Just as the pre-season gives coaches and pundits a chance to see what’s in store for a raft of the NFL’s second and third-string players, EA Play similarly lets Madden fans hop onto the field themselves before the real season starts. Old and new ideas wrestle for position in this year’s game, with improvements on the field that are engaging and exciting, and a refreshed structure that brings few surprises for franchise fans.
This is the best-looking Madden game yet, with the Frostbite engine doing some serious heavy lifting. On Xbox Series X or PS5 you have a choice between “performance” for a guaranteed 60fps and “image quality” for shinier helmets, though truth be told, you aren’t noticeably sacrificing frame rate with that setting.
The player animations have taken another step forward towards out and out realism on both sides of the ball, and there are times where you could be watching a live game. That’s helped by the increasingly convincing TV-style presentation, with visual elements and overlays that wouldn’t be out of place on ESPN. If you’re a fan of the sport, Madden 22 will feel as familiar and intuitive as you could hope for.
The series’ changes continue early, and the accessibility options for Madden 22 are front and centre when you first boot up the game, and directly available on the main menu throughout. There’s support for colour blindness across the RGB spectrum, menu narration, and various visual and audio options to tailor to player’s particular needs, hopefully making Madden 22 the most accessible entry in the series. It’s great to see EA making a commitment to bringing more people into the Madden family.
Newcomers and series stalwarts alike will be greeted by a few changes on the gameplay front. No one likes change – it’s a good job Brady is still reassuringly, and annoyingly, brilliant – and I wasn’t sold on them at first, but once you settle into things it’s clear that EA Tiburon has made a concerted effort to make the game feel as engaging as possible, no matter whether you’re playing offence or defence.
First up is the Momentum Meter. These home field advantages kick in when you’re playing well, and bring with them a host of different boosts, whether that’s your QB tightening up their accuracy or your receivers being fumble-proof. It’s an interesting way to reflect when a team is playing well, and it feels authentic. When you’re on the receiving end of it you’ll feel like you’re facing an uphill battle, just like the real thing. It sits at odds with the commitment not to secretly fudge the game flow, but you can see the meter at the top of the screen, at least clueing you in on the shifting sands.
EA Tiburon have had ‘the real thing’ firmly in their sights this year, and alongside momentum there’s both Gameday Atmosphere and live player AI that updates each player and team’s playstyle and tendencies as the real season progresses. What that should mean is that your weekly play reflects what’s going on in the NFL, though we’ll have to wait to see how impactful this proves to be.
Player classes are another new facet for your created character. You can select a class, choose a physique that’s going to match your style, and then see its impact on your class’ power. Progression for your character is thankfully unified across Face of the Franchise and The Yard as it returns for a second year. You can also unlock and equip Superstar and X-Factor abilities across classes to forge a truly unique player that suits your personal playstyle.
Your player can of course become the Face of the Franchise, and you’ve got a spot of narrative drive to take you through the mode, but it’s still not a patch on the Long Shot sequence from Madden 18 and 19. When you consider where NBA2K stands in terms of putting you at the centre of your own sports movie, Madden has a long way to go.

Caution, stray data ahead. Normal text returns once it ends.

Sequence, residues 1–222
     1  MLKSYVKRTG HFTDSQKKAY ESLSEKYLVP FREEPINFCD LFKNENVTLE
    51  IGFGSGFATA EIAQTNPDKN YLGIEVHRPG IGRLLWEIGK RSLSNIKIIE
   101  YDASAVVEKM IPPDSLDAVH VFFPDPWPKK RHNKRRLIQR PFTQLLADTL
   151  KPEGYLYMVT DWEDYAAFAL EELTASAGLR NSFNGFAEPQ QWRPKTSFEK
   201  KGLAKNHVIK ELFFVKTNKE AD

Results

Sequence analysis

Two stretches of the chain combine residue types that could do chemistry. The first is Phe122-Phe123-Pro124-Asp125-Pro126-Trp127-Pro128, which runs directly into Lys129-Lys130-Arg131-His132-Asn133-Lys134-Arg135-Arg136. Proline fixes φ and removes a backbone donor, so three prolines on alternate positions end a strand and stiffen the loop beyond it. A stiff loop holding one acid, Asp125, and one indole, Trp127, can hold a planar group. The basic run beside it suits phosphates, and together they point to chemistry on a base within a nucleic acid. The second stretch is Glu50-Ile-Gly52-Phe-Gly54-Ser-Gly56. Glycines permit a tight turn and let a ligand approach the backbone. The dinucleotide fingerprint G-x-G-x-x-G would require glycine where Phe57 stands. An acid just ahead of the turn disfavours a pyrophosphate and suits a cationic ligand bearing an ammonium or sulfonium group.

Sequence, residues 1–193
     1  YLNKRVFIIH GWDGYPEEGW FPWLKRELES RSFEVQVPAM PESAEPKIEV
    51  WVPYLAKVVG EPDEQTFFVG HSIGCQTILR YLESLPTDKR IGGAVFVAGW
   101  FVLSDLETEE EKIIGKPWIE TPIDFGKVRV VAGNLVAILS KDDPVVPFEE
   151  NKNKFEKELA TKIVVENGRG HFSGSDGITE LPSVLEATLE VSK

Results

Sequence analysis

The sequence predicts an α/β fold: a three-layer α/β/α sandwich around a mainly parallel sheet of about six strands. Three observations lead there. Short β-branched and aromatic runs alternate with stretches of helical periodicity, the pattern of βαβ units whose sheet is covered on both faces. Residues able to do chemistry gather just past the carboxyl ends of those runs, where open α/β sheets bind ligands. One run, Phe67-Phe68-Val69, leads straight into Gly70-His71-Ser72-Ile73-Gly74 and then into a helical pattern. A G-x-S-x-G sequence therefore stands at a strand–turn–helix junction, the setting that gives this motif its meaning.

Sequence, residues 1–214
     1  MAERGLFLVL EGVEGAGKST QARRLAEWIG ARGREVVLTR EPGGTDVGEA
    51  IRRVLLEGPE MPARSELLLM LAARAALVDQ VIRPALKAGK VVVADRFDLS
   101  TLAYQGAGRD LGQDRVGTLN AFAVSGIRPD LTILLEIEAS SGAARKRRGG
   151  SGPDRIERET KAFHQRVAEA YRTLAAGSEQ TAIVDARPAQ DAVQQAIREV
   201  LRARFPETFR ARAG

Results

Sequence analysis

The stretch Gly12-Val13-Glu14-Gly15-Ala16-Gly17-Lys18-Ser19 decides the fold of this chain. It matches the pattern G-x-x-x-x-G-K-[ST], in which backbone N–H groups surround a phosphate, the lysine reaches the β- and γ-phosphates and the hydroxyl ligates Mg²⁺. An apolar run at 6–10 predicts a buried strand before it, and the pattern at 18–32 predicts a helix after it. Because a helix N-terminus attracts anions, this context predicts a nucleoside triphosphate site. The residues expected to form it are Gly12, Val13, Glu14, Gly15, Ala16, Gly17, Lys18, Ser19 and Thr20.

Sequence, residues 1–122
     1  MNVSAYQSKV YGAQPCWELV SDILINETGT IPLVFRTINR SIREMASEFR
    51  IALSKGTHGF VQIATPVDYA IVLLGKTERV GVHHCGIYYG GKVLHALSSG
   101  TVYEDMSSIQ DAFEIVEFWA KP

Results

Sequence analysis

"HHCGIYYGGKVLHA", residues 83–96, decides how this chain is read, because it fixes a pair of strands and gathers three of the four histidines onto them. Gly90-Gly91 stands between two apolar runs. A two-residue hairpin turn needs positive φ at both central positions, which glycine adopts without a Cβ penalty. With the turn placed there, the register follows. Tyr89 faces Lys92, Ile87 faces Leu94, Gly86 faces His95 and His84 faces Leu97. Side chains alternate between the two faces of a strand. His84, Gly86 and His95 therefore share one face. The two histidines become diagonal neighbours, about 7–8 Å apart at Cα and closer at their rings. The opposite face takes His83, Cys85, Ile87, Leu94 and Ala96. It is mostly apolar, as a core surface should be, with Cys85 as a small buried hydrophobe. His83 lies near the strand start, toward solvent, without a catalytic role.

That may well not be why you’re here though, and Franchise itself has finally had a long-awaited update. You can now really dig into the management and control of your entire team, from the staff upwards, and it feels as though they’re taking a few of the right steps with a scouting tool that allows more granular scouting of college players.
The staff now have their own talent trees, with these active abilities helping to improve your team’s chance of success, and you can tweak and tune to your heart’s content. The biggest downside at the moment seems to be that Franchise has a worrying habit of crashing the game, forcing a restart. I didn’t lose any progress, but even on Series X reloading the game takes well over a minute, sucking a bit more of the fun out each time. Hopefully this can be patched out in the very near future.
I try not to think about how much I’ve spent on Ultimate Team over the years. I also try not to think about the fact that those purchases don’t jump from one edition to another, as that way madness lies. Instead, let’s think about the compelling card collecting, the daily challenges, and the opportunity to craft a team featuring your favourite superstar players. That sounds much better, and it is. Ultimate Team also serves as a great on-ramp for new players as it leads you by the hand through the basic situations you’re going to experience before it starts to ask more complicated things of you. You can also get away without spending extra money on it, but chances are if you’re into it, you will.
The Yard is back for its second year, and you know what? It’s grown on me since last year. I thought it lacked depth in Madden 21, and was a throwaway aside that I wouldn’t spend any time with, but it’s grown into something that I find myself hopping on when I can’t put the time into a full game. There’s a batch of challenges and redeemable rewards to go with them so you can dress your created player up in all manner of differently coloured gear, and it’s a nice, beat-driven extension of the central game. It’s still not NFL Street, but few things are.